Everyone wants power and everyone is in a constant duplicitous game to gain more power at the expense of others, according to Greene, a screenwriter and former editor at Esquire (Elffers, a book packager, designed the volume, with its attractive marginalia). We live today as courtiers once did in royal courts: we must appear civil while attempting to crush all those around us. This power game can be played well or poorly, and in these 48 laws culled from the history and wisdom of the world’s greatest power players are the rules that must be followed to win. These laws boil down to being as ruthless, selfish, manipulative, and deceitful as possible. Each law, however, gets its own chapter: “Conceal Your Intentions,” “Always Say Less Than Necessary,” “Pose as a Friend, Work as a Spy,” and so on. Each chapter is conveniently broken down into sections on what happened to those who transgressed or observed the particular law, the key elements in this law, and ways to defensively reverse this law when it’s used against you. Quotations in the margins amplify the lesson being taught. While compelling in the way an auto accident might be, the book is simply nonsense. Rules often contradict each other. We are told, for instance, to “be conspicuous at all cost,” then told to “behave like others.” More seriously, Greene never really defines “power,” and he merely asserts, rather than offers evidence for, the Hobbesian world of all against all in which he insists we live. The world may be like this at times, but often it isn’t. To ask why this is so would be a far more useful project.

If the authors are serious, this is a silly, distasteful book. If they are not, it’s a brilliant satire.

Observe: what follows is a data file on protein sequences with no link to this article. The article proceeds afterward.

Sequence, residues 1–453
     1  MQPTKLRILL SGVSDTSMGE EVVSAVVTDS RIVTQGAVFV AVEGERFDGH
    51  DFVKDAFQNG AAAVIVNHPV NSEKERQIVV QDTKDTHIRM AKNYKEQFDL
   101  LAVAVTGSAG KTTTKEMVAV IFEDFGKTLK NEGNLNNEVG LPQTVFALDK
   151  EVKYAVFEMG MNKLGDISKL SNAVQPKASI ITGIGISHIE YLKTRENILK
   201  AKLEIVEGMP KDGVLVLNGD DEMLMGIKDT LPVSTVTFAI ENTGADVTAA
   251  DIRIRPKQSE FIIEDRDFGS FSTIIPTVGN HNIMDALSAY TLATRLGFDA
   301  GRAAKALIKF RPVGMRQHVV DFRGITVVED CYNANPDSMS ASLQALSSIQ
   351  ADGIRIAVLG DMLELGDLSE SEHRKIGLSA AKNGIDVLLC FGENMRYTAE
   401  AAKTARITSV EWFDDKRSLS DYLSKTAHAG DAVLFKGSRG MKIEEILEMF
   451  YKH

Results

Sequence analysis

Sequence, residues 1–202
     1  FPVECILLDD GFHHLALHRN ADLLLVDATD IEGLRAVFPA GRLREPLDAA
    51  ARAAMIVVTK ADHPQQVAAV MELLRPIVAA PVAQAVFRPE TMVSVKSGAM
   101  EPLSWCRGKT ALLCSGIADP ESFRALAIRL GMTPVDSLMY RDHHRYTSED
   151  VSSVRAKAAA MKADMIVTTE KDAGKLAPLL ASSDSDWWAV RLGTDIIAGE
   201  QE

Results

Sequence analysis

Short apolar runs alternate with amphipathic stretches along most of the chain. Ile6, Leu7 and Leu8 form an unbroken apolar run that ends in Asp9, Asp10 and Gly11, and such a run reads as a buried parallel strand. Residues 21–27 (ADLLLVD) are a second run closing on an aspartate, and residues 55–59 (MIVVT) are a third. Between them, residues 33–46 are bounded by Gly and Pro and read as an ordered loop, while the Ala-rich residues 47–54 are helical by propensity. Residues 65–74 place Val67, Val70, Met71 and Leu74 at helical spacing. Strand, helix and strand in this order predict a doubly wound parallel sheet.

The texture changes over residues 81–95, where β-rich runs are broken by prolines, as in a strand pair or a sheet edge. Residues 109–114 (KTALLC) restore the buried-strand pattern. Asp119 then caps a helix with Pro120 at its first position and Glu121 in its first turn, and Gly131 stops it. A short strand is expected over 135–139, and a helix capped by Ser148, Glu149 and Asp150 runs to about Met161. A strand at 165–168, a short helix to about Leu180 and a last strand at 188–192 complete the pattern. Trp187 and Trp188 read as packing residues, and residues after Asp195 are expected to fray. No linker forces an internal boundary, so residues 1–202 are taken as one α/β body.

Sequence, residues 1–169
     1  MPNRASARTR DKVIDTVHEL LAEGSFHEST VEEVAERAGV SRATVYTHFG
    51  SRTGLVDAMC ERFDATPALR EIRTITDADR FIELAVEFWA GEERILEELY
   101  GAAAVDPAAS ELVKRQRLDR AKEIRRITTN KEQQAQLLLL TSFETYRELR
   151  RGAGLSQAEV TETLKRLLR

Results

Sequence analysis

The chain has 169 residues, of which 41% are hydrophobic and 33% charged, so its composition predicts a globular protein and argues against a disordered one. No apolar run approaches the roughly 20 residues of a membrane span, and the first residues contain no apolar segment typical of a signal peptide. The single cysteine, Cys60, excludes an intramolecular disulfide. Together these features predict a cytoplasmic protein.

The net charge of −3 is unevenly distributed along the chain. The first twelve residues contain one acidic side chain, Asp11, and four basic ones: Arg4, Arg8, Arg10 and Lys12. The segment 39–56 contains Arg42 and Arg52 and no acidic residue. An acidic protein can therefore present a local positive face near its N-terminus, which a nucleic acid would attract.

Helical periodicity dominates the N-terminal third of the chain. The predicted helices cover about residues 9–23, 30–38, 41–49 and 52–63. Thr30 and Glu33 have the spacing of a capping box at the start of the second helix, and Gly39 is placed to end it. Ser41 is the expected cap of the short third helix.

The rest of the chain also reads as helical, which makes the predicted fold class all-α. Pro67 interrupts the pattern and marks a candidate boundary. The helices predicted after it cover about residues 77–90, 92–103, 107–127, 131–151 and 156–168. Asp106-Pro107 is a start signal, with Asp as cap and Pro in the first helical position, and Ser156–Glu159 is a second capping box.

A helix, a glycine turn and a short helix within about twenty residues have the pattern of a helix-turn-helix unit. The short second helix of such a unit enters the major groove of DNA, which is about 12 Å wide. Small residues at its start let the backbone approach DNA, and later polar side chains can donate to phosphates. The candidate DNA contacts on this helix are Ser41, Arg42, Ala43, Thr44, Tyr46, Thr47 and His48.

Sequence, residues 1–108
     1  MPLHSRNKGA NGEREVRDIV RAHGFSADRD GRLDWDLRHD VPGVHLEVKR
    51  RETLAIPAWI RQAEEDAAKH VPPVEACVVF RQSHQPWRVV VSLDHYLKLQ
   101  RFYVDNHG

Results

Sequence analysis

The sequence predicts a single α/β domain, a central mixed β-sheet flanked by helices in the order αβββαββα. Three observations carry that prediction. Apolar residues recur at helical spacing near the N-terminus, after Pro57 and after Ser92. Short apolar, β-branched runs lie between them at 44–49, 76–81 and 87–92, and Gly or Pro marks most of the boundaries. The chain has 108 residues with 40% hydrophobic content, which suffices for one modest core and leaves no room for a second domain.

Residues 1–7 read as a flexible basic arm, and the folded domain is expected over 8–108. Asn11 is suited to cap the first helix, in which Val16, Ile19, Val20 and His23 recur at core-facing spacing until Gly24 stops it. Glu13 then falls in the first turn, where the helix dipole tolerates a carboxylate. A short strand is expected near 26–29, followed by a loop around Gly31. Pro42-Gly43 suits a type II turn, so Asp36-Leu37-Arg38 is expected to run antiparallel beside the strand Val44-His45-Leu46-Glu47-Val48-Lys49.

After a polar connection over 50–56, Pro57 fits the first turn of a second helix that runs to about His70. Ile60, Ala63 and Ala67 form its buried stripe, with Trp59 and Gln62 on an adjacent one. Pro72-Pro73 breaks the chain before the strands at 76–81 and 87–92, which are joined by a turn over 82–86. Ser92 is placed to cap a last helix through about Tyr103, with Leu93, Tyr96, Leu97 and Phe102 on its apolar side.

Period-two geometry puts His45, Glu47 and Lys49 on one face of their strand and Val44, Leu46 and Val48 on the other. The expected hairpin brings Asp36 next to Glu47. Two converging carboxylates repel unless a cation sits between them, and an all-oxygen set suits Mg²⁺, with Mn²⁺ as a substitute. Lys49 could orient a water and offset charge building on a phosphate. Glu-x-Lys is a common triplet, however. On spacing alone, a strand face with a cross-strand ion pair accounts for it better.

Pub Date: Sept. 1, 1998

ISBN: 0-670-88146-5

Page Count: 430

Publisher: Viking

Review Posted Online: May 20, 2010

Kirkus Reviews Issue: July 15, 1998

Did you like this book?

The author's youthfulness helps to assure the inevitable comparison with the Anne Frank diary although over and above the...

NIGHT

Elie Wiesel spent his early years in a small Transylvanian town as one of four children. 

He was the only one of the family to survive what Francois Maurois, in his introduction, calls the "human holocaust" of the persecution of the Jews, which began with the restrictions, the singularization of the yellow star, the enclosure within the ghetto, and went on to the mass deportations to the ovens of Auschwitz and Buchenwald. There are unforgettable and horrifying scenes here in this spare and sombre memoir of this experience of the hanging of a child, of his first farewell with his father who leaves him an inheritance of a knife and a spoon, and of his last goodbye at Buchenwald his father's corpse is already cold let alone the long months of survival under unconscionable conditions. 

The author's youthfulness helps to assure the inevitable comparison with the Anne Frank diary although over and above the sphere of suffering shared, and in this case extended to the death march itself, there is no spiritual or emotional legacy here to offset any reader reluctance.

Pub Date: Jan. 16, 2006

ISBN: 0374500010

Page Count: 120

Publisher: Hill & Wang

Review Posted Online: Oct. 7, 2011

Kirkus Reviews Issue: Jan. 15, 2006

Did you like this book?

more